In the Great Cakes Soap Challenge this month, we were asked to create a rustic soap with packaging. What seemed like a simple and straightforward task at first has ended up being one of the hardest challenges for me. I almost didn’t make a soap, but then my chickens gave me an idea. So with their help, some favorite flowers, lard from a local farmer, and a few of my photographs, I created my interpretation of a rustic soap. :)
In addition to this blog post, I also filmed a video of me making and packaging this soap (how I used the eggs, clay, etc). Hopefully, I will have that finished within the next few days.
Like most soap makers, I’ve usually got soap ideas running around in the back of my mind, whether it’s recipes I want to try or ingredients I’d like to test. For the longest time, I’ve wanted to create two soaps in particular: an egg soap and a shampoo bar. The egg soap is mostly out of my own curiosity (and my desire to use my chickens’ eggs for something besides breakfast). And the shampoo bar has been requested by several customers. So, for this challenge, I just decided to combine the two and make a shampoo bar with egg yolks using the cold process method.
Even though rustic is probably more about the look of something, I wanted my ingredients to reflect the rustic/country rural area in which I live. Some of these changed the appearance of the soap (color and texture), so I feel like they contributed to the overall rustic look, as well as just being good ingredients. Here are some of the local/special ingredients I used and why:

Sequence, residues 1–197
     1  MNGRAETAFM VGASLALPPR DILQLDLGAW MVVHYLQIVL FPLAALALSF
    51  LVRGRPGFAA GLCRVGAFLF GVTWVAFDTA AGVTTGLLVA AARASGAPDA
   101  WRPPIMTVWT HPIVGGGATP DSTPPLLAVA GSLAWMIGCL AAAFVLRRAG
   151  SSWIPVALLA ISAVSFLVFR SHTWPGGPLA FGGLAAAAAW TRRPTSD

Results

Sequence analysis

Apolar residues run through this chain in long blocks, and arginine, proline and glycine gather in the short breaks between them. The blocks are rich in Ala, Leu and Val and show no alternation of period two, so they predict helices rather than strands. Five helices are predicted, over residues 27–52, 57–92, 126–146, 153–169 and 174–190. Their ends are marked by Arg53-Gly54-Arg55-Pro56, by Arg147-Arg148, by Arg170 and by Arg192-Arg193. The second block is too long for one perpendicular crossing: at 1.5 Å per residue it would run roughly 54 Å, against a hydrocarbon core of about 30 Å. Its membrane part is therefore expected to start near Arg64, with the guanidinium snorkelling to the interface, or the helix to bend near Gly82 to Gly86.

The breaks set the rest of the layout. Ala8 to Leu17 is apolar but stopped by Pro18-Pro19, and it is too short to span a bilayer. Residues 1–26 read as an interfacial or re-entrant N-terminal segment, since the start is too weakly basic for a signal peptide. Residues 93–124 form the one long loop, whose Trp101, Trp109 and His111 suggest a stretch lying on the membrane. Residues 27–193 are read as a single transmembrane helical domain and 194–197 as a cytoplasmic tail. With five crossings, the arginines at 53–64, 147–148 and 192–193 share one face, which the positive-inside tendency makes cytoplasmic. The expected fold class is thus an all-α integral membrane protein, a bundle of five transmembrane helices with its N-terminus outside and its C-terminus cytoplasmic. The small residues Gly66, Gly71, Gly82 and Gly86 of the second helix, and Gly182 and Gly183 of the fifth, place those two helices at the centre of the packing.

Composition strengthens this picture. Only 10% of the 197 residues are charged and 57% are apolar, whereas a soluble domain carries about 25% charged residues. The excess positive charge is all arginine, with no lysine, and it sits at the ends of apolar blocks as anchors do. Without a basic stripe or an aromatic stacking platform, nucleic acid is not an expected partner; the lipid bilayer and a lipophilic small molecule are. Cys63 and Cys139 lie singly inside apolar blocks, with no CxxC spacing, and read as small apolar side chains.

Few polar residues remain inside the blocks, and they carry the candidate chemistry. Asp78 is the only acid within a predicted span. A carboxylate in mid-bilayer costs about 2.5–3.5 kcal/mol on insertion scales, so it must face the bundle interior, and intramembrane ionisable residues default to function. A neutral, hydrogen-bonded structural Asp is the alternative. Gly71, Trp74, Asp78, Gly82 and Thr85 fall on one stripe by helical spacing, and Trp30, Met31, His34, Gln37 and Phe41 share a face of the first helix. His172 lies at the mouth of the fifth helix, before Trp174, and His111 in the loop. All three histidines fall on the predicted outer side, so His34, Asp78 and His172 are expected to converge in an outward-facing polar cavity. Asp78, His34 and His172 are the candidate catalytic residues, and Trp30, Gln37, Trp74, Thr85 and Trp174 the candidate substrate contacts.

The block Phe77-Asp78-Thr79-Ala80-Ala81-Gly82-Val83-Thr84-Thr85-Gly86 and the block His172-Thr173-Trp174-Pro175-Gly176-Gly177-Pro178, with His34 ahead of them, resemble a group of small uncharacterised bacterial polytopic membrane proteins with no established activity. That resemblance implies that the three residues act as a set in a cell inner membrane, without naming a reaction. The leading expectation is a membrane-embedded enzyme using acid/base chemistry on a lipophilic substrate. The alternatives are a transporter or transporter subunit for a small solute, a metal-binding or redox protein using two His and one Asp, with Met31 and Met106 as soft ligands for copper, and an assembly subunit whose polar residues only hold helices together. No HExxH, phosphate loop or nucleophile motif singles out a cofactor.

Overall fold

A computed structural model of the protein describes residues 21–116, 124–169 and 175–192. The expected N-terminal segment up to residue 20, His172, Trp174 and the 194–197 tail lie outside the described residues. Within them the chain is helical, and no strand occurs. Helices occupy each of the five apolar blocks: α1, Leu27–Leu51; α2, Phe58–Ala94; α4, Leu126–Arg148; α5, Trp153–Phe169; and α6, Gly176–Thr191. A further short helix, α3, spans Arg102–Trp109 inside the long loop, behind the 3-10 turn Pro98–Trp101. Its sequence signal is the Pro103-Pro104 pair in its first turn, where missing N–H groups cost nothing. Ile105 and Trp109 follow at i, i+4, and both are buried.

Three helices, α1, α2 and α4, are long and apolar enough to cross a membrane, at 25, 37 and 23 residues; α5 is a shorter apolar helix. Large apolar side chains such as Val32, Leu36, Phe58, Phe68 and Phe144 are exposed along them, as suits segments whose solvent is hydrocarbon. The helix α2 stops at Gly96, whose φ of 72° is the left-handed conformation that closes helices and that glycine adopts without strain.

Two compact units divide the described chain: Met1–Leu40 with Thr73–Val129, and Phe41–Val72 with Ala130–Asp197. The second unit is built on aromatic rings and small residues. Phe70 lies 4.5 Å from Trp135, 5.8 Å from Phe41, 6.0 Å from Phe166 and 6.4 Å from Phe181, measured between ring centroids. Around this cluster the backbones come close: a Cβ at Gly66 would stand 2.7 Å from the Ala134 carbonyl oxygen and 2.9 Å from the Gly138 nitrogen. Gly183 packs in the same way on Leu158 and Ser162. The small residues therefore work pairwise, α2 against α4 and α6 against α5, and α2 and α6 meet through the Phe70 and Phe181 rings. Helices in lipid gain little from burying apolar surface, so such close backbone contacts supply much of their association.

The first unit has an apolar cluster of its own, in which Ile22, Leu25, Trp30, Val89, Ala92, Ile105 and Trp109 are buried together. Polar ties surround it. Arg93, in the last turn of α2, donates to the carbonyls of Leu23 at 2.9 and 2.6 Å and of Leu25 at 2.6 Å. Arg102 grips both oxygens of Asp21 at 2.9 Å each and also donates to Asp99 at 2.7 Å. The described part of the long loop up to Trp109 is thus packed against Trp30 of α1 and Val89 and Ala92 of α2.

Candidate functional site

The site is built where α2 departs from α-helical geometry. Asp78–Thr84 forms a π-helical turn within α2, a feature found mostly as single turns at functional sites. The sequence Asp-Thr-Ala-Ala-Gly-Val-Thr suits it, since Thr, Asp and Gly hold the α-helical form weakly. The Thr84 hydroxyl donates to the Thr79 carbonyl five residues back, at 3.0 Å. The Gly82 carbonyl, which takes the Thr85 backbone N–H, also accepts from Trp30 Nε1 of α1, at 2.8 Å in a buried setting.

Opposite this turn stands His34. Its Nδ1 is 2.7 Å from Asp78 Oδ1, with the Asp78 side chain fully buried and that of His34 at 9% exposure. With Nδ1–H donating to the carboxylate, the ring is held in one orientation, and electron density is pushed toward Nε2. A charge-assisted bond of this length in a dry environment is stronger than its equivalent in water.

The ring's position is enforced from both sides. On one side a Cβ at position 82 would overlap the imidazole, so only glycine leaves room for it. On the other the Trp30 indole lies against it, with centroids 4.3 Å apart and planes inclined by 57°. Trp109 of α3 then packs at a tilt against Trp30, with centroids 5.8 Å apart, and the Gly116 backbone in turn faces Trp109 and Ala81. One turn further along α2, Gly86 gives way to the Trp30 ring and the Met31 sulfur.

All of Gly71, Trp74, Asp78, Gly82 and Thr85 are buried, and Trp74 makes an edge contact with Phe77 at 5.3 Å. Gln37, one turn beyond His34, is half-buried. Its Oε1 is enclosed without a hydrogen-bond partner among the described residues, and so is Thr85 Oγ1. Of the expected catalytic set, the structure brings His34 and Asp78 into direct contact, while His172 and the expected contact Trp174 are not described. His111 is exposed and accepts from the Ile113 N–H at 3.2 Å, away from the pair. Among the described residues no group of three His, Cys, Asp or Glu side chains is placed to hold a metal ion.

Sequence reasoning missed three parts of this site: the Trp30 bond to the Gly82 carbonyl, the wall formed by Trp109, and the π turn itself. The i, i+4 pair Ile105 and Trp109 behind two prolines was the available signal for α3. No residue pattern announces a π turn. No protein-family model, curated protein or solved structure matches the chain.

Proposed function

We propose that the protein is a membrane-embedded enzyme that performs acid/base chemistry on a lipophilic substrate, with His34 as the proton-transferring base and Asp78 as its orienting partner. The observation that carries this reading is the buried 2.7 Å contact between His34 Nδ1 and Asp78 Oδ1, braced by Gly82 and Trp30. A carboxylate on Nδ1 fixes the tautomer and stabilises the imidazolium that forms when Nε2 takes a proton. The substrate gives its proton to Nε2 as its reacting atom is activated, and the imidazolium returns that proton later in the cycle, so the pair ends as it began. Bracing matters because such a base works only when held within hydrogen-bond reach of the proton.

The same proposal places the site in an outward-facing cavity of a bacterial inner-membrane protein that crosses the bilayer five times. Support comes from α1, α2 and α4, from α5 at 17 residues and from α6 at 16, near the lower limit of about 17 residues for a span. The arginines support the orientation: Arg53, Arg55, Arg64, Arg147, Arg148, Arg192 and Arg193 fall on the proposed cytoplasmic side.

- Lard: A local farmer (and good friend) recently gave me a huge tub of lard. I used it to make soap for his family and all of the people who help out on his farm. I had quite a bit of lard left over, so I was able to use it in the recipe for this soap. The lard does have a strong odor, however, the scent is not detectable in any of my finished soaps.
- Eggs: I read an article by Anne L. Watson that eggs can be used for different reasons in soap making. The yolks (fat) can help provide a thick, rich lather. The whites (all protein) are used for their astringent properties. Some soap makers even use the whole egg. Because I was making a shampoo bar and wanted help with a thick/creamy lather, I decided to use just the yolks. I had also read that an egg smell can sometimes be detected after saponification, but I detect no egg smell whatsoever in my finished soaps.
- Calendula Oil & Tea: Of all the flowers and herbs I use to infuse oils and make teas for soap, calendula is my absolute favorite. From the beautiful yellow oil it produces, to all of its amazing benefits to the skin, I’m always looking for an excuse to use it in soap. I also read that some people think it’s really good for the scalp and hair, so I felt like it would be great for a shampoo bar. I wanted as much calendula as possible in the soap, so I substituted all of my recipe’s olive oil with calendula infused olive oil and used calendula tea (made with distilled water) for 100% of my liquid.
- Clay: A few months ago, I ran across a bath and beauty product line that has a rhassoul clay line of hair care products. If you’re interested, it’s called Carol’s Daughter. I had never really thought about using clay in my hair care products. However, rhassoul clay is purported to be quite good at softening and detangling the hair. Well, I’ll take all the softening and detangling I can get, so here’s hoping!
I make a shampoo soap that I use on my dogs, so I already had a basic recipe that I liked. However, that recipe uses neem oil (which just stinks), so I changed it up a bit and used the recipe listed below. After the soap cures a bit, I’ll test it out on my hair (along with an apple cider vinegar rinse) and post an update.